What all this means is that every human being subconsciously makes multiple life-or-death calculations on a daily basis. In fact for the majority of people, the risk of dying in certain ways is considered so small as to be acceptable, such as driving anywhere, even though there is a 1 in 107 chance of being killed in a car accident, according to the National Safety Council.
Does a reasonable person say no people should be allowed to drive because they have the “right” not to fear that they or their children might die in a road accident? The very idea is preposterous. If one’s fear of dying in such a way is that great, one should never travel in an automobile. Likewise, if one fears dying of COVID, one should consider never going out in public.
Acting Out of Sheer Spite?
Vaccinated or not, mask or not, a person can still become infected – so, going out in public is a choice based upon the perceived level of risk. Why is it those Americans who choose not to get vaccinated, either for health reasons or because they are simply not concerned about the virus, be barred from certain public places to minimize the risk for everyone else? All people have the choice to expose themselves to possible infection or not. The pro-vaccine folks want to deny everyone else freedom of movement so that they themselves can go about their lives free of their own irrational fears.
Since the pandemic started, the CDC has recorded almost 41 million cases of infection in the United States and 656,318 deaths, as of Sept. 13. This means COVID-19 has killed 1.6% of all the people who have contracted it. Given that, obviously, the CDC has not recorded every case – and the real number of infections stands quite possibly at somewhere between 60 and 100 million, that 1.6% gets even smaller. Add in the fact that a majority of the 656,318 alleged COVID deaths cannot be confirmed as being caused by the virus (as opposed to people infected with COVID but dying from some other condition), it is entirely reasonable – even if speculative – to assume that the virus has killed far less than 1% of the infected.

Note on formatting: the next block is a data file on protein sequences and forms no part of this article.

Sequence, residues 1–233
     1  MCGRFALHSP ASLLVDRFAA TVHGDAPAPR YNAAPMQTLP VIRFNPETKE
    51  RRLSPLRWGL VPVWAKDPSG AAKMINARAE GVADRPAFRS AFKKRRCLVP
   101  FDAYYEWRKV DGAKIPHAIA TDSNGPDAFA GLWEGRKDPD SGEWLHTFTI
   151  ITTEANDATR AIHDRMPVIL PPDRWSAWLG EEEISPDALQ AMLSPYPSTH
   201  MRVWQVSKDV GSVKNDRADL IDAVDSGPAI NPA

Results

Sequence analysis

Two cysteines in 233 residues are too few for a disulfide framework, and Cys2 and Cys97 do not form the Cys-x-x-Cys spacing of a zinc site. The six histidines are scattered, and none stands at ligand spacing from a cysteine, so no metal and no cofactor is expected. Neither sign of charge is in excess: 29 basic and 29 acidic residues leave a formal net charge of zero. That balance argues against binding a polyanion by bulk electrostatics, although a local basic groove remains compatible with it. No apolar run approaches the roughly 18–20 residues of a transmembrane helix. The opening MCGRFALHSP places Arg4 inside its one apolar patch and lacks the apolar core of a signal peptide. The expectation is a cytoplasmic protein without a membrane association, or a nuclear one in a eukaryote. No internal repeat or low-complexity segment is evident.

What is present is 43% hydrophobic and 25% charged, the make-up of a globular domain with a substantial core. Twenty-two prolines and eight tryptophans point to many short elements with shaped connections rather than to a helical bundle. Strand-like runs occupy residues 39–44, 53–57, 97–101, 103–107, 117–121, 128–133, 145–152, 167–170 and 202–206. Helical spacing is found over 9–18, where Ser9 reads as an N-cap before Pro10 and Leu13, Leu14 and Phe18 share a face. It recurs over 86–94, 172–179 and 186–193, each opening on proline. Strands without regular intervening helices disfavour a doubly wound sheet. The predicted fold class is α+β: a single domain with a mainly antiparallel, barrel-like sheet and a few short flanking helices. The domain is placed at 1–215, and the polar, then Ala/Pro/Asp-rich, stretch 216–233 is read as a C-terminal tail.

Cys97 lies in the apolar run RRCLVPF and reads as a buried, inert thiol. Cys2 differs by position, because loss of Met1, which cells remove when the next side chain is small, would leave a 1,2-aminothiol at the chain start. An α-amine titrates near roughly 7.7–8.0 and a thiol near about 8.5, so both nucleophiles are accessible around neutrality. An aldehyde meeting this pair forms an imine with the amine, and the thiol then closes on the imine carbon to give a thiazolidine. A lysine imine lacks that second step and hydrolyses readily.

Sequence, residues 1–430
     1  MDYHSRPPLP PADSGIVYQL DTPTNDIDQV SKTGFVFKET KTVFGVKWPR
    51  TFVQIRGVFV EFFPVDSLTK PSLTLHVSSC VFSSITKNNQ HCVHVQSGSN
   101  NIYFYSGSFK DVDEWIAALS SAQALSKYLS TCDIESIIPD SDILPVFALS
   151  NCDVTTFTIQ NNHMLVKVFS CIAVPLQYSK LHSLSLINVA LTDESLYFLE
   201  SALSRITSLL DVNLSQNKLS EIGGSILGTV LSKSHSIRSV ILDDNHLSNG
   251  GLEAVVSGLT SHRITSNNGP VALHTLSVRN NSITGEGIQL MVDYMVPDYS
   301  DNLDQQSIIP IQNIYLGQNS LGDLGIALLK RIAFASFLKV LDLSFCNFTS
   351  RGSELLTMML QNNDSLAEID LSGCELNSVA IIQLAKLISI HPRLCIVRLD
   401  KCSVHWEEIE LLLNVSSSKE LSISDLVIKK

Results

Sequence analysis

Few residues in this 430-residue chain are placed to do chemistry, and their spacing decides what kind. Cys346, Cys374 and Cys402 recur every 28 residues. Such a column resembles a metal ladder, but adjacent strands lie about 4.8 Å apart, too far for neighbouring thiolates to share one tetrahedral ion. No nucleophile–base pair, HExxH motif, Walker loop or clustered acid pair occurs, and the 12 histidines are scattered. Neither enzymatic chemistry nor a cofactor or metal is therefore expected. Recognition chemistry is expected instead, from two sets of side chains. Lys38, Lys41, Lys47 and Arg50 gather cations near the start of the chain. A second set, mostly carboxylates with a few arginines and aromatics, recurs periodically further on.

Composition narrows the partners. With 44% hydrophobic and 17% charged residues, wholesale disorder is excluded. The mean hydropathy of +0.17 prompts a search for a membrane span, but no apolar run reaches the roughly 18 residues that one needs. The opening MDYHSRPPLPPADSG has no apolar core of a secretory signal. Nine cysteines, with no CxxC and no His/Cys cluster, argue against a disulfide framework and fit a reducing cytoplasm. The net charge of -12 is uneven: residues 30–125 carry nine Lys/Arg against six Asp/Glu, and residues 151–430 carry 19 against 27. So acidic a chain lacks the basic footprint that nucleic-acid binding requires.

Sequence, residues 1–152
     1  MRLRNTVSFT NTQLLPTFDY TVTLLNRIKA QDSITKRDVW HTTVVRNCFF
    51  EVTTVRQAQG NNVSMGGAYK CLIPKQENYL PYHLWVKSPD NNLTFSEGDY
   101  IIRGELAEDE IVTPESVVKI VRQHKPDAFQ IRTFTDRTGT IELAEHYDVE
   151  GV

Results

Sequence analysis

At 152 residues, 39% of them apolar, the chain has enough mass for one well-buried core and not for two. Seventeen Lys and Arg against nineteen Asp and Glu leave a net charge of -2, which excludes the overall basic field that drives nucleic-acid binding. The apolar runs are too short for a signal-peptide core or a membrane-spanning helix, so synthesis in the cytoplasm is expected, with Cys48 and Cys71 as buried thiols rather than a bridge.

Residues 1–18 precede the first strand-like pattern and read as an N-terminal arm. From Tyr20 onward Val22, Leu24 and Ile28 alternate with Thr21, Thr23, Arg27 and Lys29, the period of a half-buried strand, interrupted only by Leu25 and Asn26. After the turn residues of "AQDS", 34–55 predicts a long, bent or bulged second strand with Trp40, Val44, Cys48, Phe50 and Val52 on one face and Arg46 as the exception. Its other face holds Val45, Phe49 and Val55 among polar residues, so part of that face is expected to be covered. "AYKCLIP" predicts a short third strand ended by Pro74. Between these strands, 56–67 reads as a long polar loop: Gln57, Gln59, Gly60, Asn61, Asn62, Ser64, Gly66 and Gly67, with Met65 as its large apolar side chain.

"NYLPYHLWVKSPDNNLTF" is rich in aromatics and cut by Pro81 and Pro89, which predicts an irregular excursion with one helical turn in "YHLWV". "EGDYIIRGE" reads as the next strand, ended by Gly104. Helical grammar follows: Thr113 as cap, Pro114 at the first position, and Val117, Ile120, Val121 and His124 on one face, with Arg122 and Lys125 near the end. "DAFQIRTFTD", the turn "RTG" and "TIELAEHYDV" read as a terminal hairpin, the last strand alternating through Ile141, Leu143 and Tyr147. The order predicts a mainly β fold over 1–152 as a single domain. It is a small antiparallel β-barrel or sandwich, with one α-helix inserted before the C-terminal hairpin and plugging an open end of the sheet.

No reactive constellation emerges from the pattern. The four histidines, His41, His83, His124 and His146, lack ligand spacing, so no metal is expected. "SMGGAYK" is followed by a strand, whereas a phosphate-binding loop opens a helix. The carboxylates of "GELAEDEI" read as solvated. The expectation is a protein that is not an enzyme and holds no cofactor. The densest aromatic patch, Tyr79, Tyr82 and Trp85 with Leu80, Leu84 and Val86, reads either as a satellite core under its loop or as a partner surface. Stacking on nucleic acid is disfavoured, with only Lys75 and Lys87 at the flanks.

Yet, for this risk of negligible size, people are almost literally losing their minds because some Americans simply refuse to give up their right to choose not to get vaccinated or not to wear a mask. There is no polite way to put it: The stupidity of it all is jaw-dropping.
Back to one person’s rights ending where another’s begins: The left now claims to believe this – which would be news to conservatives. If the adage is to be taken seriously, though, then it should be absolute. One person’s right to move freely about without the fear of catching COVID ends at another person’s right not to be forced to inject experimental vaccines into his or her body. It doesn’t work the other way around, though. A person’s right to not wear a mask, for example, does not end at someone else’s right to remain healthy.
The latter individuals have multiple alternatives: stay home, get vaccinated – because that is supposed to protect them from the virus, right? – or maintain a distance between themselves and the maskless person. Their rights are not being infringed upon in any way. The onus is upon them – and not anybody else – to make choices they believe will keep them free of COVID. Thus, if they insist that the maskless person leave or put on a mask, they are choosing to forgo all other options in favor of deliberately depriving the other person of freedom. This is how the minds of the pro-vaccine crowd work; rather than live and let live, they will go out of their way to deliberately choose the path that runs straight through everyone else’s personal freedom.
Thus, it can only be concluded that the utterly irrational and unscientific response to the pandemic has never been about public health; it has been, all along, about one group of people imposing their will upon another group.
The post The Great COVID Divide: Risk, Choice, and Rights was first published by Liberty Nation, and is republished here with permission. Please support their efforts.